This is Africa! Moses was just as seized about leading the children of Israel into the Promised Land as he was about grooming his successor. That’s serious and rare foresight. In the end it was Joshua and not Moses who took the children of Israel into the Promised Land. It is in fact a popular myth that Moses took the children of Israel into the Promised Land.

Moses had prepared for that eventuality by making sure he began grooming a successor as soon as he ‘came into power’ (The notion of power in the Bible is radically countercultural, subject for another day).

Thus grooming a successor is very African. Not to do so is unAfrican and a betrayal of Africanism. It is very African to prepare for your exit as soon as you come into power. It is completely unAfrican to crush your potential successors. It is also very African to have smooth transitions from one leader to another. Others have taken the heritage that was bequeathed to Africa and built prosperous nations. Africa must go back to its heritage.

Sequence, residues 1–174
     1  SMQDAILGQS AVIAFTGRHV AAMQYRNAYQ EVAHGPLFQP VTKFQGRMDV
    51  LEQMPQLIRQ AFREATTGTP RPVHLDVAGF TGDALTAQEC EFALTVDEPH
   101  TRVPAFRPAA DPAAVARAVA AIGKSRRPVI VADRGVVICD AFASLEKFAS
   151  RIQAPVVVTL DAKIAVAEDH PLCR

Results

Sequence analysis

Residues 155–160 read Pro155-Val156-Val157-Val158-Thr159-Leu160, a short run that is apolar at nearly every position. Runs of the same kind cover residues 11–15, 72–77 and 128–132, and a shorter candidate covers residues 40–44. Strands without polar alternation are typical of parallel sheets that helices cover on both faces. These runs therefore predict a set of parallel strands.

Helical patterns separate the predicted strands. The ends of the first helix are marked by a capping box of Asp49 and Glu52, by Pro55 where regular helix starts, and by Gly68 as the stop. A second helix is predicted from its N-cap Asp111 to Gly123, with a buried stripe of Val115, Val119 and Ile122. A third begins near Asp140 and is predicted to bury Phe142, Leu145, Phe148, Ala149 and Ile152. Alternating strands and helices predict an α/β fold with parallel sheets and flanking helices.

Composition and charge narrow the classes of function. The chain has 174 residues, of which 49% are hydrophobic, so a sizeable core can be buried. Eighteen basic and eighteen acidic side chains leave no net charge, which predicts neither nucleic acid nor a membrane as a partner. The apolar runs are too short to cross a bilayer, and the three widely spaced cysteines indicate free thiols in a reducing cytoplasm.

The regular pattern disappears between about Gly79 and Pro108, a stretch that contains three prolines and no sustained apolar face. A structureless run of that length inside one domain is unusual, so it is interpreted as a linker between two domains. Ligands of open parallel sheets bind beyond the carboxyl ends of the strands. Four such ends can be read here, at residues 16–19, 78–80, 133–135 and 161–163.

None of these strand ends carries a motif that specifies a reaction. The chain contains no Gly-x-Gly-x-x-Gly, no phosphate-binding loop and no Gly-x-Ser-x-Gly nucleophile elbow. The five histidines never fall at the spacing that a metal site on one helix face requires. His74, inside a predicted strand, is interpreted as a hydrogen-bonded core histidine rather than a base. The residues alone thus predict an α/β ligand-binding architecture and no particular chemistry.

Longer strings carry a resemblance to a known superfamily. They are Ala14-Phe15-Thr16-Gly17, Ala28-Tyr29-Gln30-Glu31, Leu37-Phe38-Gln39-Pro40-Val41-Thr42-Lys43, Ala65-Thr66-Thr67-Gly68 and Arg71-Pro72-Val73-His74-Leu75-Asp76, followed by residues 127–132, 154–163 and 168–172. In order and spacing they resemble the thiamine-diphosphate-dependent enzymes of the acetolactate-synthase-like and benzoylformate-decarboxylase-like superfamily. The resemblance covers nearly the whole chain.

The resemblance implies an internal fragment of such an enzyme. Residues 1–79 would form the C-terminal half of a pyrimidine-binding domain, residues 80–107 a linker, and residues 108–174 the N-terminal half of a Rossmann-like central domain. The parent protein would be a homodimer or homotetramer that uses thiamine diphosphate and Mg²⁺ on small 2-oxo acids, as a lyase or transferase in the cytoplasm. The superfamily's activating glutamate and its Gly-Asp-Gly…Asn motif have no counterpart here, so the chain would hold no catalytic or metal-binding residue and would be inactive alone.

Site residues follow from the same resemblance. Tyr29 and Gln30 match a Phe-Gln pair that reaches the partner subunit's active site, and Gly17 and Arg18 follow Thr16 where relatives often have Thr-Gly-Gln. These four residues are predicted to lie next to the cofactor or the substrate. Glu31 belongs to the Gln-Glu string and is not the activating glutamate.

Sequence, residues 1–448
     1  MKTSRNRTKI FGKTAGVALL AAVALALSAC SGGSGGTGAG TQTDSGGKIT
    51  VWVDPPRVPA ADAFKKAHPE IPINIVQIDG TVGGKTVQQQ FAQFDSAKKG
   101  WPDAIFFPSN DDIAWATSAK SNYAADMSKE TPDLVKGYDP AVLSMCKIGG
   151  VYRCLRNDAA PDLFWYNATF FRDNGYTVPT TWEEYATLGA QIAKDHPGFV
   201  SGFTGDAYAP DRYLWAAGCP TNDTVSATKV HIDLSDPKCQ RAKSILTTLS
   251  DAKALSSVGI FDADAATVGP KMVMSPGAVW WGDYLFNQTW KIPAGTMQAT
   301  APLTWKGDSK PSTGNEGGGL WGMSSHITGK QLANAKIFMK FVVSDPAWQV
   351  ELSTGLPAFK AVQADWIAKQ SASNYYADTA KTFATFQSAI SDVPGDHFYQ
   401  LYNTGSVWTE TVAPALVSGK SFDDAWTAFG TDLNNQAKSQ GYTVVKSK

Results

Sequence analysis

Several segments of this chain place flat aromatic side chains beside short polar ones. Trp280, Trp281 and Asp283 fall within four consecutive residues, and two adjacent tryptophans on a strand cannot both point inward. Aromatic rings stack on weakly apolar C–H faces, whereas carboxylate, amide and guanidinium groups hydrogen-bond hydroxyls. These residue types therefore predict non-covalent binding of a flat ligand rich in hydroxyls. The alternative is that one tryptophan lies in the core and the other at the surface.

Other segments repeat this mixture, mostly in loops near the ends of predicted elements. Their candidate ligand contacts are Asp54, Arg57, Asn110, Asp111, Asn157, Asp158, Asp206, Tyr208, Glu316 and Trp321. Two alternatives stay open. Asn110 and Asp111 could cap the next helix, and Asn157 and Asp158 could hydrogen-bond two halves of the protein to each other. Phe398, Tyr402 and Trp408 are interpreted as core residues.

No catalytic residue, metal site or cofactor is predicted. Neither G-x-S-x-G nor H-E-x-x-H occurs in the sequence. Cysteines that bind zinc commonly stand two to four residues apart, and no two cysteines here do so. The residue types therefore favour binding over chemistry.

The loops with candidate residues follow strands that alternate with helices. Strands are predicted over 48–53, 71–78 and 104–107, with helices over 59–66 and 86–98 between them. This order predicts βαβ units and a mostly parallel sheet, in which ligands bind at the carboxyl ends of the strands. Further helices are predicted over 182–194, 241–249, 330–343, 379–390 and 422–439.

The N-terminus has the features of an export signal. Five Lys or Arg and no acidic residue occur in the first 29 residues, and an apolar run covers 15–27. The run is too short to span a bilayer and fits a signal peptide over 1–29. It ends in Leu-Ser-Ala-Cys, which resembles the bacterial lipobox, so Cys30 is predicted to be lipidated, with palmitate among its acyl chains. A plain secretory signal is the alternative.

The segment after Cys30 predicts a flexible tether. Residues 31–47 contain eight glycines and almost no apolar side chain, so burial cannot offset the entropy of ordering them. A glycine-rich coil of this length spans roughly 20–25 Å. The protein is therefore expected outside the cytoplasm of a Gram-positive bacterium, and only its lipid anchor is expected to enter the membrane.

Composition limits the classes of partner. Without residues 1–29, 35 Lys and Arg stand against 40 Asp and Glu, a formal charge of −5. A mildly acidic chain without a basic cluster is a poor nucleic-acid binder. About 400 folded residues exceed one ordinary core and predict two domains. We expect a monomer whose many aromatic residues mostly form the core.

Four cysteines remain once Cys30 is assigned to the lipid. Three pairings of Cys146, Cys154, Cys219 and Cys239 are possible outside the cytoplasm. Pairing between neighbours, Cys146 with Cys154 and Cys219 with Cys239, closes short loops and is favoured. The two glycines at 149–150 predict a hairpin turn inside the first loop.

Rule of Law vs Law of Rule

The first comprehensive written constitution and code of governance was handed to an African leader, Moses. That code, which is called the Decalogue, the Ten Commandments, the moral code or the governance code is the basis of the laws of any nation. Jesus came and explained the essence of the governance code that had been handed to Moses 2 000 years earlier. He summarised the governance code into two simple principles as recorded in Mark 12: 30-31. The second pillar of the Code is clearly stated: “And the second, like it, is this: ‘You shall love your neighbour as yourself.’ There is no other commandment greater than these.” (Mark 12:31, NKJV). This principle of selflessness, the foundation of the moral code, is what was taught to an African leader as the foundation of governance. It is an African leader who was chosen to teach the whole world about the rule of law. Today, African leaders are being told by others about the rule of law. How ironic.